Incident at UCL demonstrates importance of online security
Universities are being urged to ensure that their online meetings are as safe as possible after a person hijacked a University College London meeting and drew cartoon penises on a virtual whiteboard.
Earlier this week, Michael Moutoussi, a clinical lecturer in neuroscience at UCL, was due to give an online talk on the importance of computational psychiatry to clinicians. However, shortly after the event began, it was interrupted by an unwanted guest who proceeded to sabotage the meeting by drawing phalluses on the shared whiteboard.
The practice of disrupting virtual meetings is known as “zoombombing”, after the online meeting software compay Zoom, which was the platform being used by UCL. Research Professional News has contacted Zoom for a comment.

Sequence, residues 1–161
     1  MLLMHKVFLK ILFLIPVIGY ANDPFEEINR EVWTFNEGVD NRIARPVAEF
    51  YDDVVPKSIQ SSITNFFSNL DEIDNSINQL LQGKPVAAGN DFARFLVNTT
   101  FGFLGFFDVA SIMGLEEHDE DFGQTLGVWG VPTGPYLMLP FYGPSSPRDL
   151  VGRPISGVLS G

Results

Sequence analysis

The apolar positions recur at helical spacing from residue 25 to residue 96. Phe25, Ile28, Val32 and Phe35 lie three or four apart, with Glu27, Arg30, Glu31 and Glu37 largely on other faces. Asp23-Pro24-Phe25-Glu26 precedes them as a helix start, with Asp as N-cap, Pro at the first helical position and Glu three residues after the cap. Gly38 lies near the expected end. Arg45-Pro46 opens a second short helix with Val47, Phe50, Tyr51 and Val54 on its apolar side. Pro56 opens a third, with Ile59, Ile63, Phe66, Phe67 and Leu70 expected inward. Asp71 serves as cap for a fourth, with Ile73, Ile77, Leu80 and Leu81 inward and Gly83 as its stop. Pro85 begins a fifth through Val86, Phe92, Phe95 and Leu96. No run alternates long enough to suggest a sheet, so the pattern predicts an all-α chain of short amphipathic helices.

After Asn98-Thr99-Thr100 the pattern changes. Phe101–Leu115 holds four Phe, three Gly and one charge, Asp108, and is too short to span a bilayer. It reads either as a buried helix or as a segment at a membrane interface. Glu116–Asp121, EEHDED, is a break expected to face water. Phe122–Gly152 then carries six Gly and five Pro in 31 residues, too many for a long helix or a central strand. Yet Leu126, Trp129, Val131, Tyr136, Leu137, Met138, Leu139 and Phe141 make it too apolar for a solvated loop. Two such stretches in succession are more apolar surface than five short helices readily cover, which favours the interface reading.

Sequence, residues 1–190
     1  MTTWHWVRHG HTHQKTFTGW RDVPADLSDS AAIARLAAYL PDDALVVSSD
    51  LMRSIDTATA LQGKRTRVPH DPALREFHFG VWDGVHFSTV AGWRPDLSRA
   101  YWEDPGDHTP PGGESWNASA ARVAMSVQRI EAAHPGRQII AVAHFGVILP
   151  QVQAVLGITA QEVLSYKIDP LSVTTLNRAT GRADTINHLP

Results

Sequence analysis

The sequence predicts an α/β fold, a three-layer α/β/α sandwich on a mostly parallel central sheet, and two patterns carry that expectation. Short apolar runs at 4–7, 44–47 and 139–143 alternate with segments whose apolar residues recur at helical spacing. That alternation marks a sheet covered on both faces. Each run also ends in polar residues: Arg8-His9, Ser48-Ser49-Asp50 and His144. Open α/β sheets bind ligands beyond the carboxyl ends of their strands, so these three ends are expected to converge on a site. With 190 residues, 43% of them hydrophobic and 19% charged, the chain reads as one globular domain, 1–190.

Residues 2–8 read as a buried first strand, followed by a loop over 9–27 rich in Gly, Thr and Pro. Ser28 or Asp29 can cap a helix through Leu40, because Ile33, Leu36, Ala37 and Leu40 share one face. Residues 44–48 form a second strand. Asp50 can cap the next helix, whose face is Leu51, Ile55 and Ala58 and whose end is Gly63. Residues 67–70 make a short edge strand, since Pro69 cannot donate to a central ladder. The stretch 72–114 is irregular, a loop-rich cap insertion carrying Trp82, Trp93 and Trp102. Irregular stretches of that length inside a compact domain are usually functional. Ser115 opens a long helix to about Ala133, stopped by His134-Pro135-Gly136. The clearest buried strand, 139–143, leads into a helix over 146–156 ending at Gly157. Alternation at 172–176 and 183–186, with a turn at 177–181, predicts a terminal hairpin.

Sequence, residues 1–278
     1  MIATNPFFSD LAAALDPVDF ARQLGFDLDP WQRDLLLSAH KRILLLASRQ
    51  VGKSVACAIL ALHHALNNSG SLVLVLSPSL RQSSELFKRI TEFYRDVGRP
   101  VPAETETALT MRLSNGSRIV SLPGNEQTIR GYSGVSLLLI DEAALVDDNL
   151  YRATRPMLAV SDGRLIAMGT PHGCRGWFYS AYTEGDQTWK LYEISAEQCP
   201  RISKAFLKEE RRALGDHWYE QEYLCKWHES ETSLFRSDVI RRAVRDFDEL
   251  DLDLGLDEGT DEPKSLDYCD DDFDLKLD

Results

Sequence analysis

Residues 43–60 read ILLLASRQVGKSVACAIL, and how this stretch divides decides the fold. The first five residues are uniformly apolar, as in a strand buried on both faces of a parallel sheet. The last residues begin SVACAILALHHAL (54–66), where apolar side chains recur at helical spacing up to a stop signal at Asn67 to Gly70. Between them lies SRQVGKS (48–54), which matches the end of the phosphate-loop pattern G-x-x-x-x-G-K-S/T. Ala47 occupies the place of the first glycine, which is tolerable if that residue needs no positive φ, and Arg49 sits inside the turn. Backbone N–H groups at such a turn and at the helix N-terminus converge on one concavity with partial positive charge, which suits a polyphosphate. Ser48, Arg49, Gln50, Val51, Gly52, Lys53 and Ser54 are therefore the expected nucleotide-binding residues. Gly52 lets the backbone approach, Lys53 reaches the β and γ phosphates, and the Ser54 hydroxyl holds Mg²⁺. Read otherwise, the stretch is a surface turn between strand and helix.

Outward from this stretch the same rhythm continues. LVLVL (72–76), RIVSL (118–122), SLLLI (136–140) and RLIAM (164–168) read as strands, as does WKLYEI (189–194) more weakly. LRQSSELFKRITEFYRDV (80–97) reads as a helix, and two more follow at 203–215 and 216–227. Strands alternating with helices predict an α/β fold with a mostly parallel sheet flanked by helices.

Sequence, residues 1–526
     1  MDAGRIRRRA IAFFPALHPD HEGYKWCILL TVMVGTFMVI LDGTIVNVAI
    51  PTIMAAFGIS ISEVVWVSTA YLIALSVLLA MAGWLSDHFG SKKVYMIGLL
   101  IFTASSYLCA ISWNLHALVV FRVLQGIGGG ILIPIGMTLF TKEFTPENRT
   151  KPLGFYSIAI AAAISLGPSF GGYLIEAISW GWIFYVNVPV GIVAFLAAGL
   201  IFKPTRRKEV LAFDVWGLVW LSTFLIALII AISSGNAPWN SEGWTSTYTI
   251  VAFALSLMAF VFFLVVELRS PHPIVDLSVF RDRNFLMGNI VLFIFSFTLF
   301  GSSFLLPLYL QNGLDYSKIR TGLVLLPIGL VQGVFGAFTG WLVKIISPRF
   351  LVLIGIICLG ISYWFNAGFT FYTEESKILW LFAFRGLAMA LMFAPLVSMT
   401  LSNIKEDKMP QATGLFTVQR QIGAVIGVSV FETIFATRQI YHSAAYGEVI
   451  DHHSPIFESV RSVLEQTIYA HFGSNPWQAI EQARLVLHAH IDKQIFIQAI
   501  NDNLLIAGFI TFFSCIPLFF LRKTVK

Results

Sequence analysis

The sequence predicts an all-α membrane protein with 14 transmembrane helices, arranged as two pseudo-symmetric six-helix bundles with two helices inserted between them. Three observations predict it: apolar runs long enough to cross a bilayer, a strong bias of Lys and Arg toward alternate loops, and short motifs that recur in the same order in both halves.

Moutoussis described the act as “nihilistic vandalism” but added that “in retrospect it was quite funny, and there is such a need to laugh at the moment, a need to have a giggle”.
“From you journalists we need more than warnings and moral indignation—we need humour too,” he told Research Professional News. “However it did mean several days of hard work wasted, and a missed much-needed slot to network and promote the work of myself and colleagues. We will certainly take measures to make sure it does not to happen again.”
John Chapman, head of the security operations centre at education technology body Jisc, said that there had been a number of stories this week about security concerns relating to collaborative tech.
“Criminals always gravitate towards popular sites and services and try to take advantage of current events,” he said. “To help students, universities and colleges to stay safe we have put together some tips to help protect against unwanted visitors.”
The tips, which include checking security settings and protecting information about how to join calls, is available on the Jisc Twitter feed.